3 Question with Marsha Kinney, MD, MASCP

By Marsha Kinney, MD, MASCP - November 16, 2022

Kinney Marsha-1a  2019[1]

For the Critical Values series, “3 Questions With,” Dr. Marsha Kinney, 2022-2023 President of ASCP shares her thoughts on three questions (and a bonus question!) discussing her priorities during her term as president, who she turns to for inspiration, and why she chose pathology as a profession.  

What is your number one priority during your term as ASCP President?  
Addressing the workforce shortage is the main priority for the upcoming year. The need is critical. As chairman of an academic pathology department, I encounter difficulty in hiring staff and pathologists on a weekly basis. The response to the shortage is multi-dimensional and involves training, recruitment and retention, and diversity, equity and inclusion.  

In April 2021 Edna C. Garcia, MPH, Iman Kundu, MPH, and Melissa A. Kelly, PhD, in collaboration with Grace A. Guenther, MPA, and others at the Center for Health Workforce Studies at the University of Washington in Seattle authored a 76-page blueprint for action (The Clinical Laboratory Workforce: Understanding the Challenges to Meeting Current and Future Needs). An ad hoc committee chaired by Susan Harrington, PhD, the former chair of the ASCP Board of Certification, has prioritized the recommendations and instituted concrete steps to address the shortage including recruitment of students at all levels beginning with middle school and high school STEM students and supporting education and clinical training programs. I am particularly excited about the energy and knowledge our new CLMA members have brought to ASCP with their local grass roots chapters that will support efforts to reach out at the local and regional level. New chapters are being planned in Chicago, Texas and California. Job satisfaction, creation of career ladders, tuition reimbursement, public visibility, and partnership with other professional organizations are other initiatives of the ad hoc committee.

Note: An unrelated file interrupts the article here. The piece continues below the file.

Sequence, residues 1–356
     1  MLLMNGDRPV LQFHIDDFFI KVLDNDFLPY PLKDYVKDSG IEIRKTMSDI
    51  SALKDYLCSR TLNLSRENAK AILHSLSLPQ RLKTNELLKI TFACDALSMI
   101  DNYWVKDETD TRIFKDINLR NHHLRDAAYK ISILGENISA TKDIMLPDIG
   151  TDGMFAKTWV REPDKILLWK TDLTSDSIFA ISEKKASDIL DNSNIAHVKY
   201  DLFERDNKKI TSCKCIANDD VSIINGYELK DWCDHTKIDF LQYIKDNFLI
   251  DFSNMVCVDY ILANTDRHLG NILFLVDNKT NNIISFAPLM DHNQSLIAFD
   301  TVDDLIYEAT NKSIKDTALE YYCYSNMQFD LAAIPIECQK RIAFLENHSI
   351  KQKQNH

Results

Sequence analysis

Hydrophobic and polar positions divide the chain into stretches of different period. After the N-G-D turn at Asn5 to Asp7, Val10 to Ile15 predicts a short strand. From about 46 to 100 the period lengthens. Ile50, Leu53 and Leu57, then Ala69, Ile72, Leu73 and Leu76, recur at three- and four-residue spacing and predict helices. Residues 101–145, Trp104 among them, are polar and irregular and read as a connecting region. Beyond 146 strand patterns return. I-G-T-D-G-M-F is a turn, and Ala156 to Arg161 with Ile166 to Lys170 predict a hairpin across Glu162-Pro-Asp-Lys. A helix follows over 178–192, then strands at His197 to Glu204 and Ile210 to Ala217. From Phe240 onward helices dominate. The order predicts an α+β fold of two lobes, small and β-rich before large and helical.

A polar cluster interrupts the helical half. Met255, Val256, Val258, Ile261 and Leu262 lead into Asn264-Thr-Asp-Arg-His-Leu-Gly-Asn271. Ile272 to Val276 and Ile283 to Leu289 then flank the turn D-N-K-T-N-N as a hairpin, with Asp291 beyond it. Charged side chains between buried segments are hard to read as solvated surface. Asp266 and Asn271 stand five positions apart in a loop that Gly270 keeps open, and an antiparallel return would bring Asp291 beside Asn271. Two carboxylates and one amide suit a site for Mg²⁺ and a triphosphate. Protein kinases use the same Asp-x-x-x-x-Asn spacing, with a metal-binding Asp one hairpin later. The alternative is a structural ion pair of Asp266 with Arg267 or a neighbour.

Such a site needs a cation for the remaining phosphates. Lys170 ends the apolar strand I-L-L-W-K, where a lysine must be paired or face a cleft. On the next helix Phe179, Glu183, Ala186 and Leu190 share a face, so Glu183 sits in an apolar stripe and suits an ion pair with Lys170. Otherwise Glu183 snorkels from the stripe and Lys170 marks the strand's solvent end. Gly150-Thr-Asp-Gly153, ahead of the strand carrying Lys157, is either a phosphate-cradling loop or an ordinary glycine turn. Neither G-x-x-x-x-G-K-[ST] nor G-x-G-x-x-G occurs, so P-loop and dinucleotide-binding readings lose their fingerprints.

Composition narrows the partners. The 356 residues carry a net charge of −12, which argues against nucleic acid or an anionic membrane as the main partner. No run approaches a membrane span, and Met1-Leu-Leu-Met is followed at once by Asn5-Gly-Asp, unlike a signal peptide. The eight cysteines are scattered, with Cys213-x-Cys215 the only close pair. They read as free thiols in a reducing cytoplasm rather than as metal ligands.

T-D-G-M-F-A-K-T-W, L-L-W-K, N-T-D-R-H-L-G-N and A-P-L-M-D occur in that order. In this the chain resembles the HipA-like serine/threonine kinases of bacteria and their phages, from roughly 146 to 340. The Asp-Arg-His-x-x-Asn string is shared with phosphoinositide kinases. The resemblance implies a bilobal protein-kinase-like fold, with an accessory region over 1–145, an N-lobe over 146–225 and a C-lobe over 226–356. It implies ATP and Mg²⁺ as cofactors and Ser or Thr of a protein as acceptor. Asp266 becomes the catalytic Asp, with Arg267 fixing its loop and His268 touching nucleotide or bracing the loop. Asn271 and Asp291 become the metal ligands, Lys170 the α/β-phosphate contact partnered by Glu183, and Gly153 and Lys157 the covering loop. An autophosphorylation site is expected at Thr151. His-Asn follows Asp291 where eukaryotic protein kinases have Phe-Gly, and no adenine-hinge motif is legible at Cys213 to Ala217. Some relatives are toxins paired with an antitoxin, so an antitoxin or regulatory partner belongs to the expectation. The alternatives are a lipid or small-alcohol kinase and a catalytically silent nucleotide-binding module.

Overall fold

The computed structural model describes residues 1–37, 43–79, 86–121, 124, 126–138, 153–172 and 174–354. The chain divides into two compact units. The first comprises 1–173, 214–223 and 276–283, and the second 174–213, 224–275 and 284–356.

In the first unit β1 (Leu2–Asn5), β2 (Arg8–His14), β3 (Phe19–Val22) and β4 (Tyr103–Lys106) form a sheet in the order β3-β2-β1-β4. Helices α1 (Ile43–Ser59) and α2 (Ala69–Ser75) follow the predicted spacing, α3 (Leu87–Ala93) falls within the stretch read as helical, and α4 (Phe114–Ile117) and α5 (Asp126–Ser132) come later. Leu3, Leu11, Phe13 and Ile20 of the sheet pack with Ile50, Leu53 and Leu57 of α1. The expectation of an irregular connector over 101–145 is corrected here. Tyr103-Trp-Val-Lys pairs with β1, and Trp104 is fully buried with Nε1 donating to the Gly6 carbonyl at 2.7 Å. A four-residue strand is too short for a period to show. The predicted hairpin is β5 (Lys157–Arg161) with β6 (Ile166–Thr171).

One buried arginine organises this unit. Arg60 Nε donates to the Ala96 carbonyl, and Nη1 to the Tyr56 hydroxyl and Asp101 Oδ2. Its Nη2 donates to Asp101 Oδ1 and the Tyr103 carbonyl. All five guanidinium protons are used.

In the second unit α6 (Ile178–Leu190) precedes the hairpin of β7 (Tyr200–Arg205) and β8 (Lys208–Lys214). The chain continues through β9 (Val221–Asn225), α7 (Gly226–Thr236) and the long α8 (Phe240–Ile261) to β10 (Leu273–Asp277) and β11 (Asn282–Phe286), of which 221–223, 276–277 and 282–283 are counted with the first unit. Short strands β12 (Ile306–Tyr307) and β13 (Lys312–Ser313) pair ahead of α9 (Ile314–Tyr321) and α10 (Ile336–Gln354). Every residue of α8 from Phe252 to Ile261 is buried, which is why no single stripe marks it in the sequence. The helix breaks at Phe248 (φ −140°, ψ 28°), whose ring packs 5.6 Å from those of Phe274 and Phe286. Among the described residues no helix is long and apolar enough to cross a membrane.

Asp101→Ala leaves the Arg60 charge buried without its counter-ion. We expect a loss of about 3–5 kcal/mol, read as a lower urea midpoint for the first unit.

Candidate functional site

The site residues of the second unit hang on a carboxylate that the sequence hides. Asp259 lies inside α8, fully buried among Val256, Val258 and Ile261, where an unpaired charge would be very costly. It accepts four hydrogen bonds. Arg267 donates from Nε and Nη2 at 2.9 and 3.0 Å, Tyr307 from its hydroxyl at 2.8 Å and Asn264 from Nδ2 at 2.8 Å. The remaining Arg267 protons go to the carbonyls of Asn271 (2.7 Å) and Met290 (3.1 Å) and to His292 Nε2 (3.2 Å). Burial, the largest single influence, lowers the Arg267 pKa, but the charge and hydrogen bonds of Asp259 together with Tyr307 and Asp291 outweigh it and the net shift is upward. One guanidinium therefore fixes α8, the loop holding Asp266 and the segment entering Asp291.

The ASCP Pathology and Career Ambassador programs serve to build awareness, knowledge, and appreciation of the medical laboratory’s role in patient care and inspire college and medical students to pursue a career in the medical laboratory and pathology while cultivating relationships in their community. The success of these efforts will rely on all our ASCP councils and members to strategize, innovate, and spread the word on what a wonderful career pathology and laboratory medicine offer. 

What do you think has helped you most in leadership positions throughout your career? 
Many people have helped me define and achieve my career goals. My family valued education and a good name above all else. My mother constantly read to me when I was a toddler, and I had excellent teachers throughout my public school education, particularly in science and mathematics. My college education stimulated learning, inquisitiveness, and creativity. My husband was very supportive of a professional career and encouraged me to enter graduate school and subsequently medical school. In medicine, I learned focus and caring for others.  Multiple mentors and sponsors at all levels were encouraging, rigorous, and expected me to do my best and be known for something. Success depends on surrounding yourself with people who are smarter than you, being humble, working hard, giving back, and at times not taking yourself too seriously or focusing on obstacles. Don’t let the challenges get you! 

Why did you go into pathology?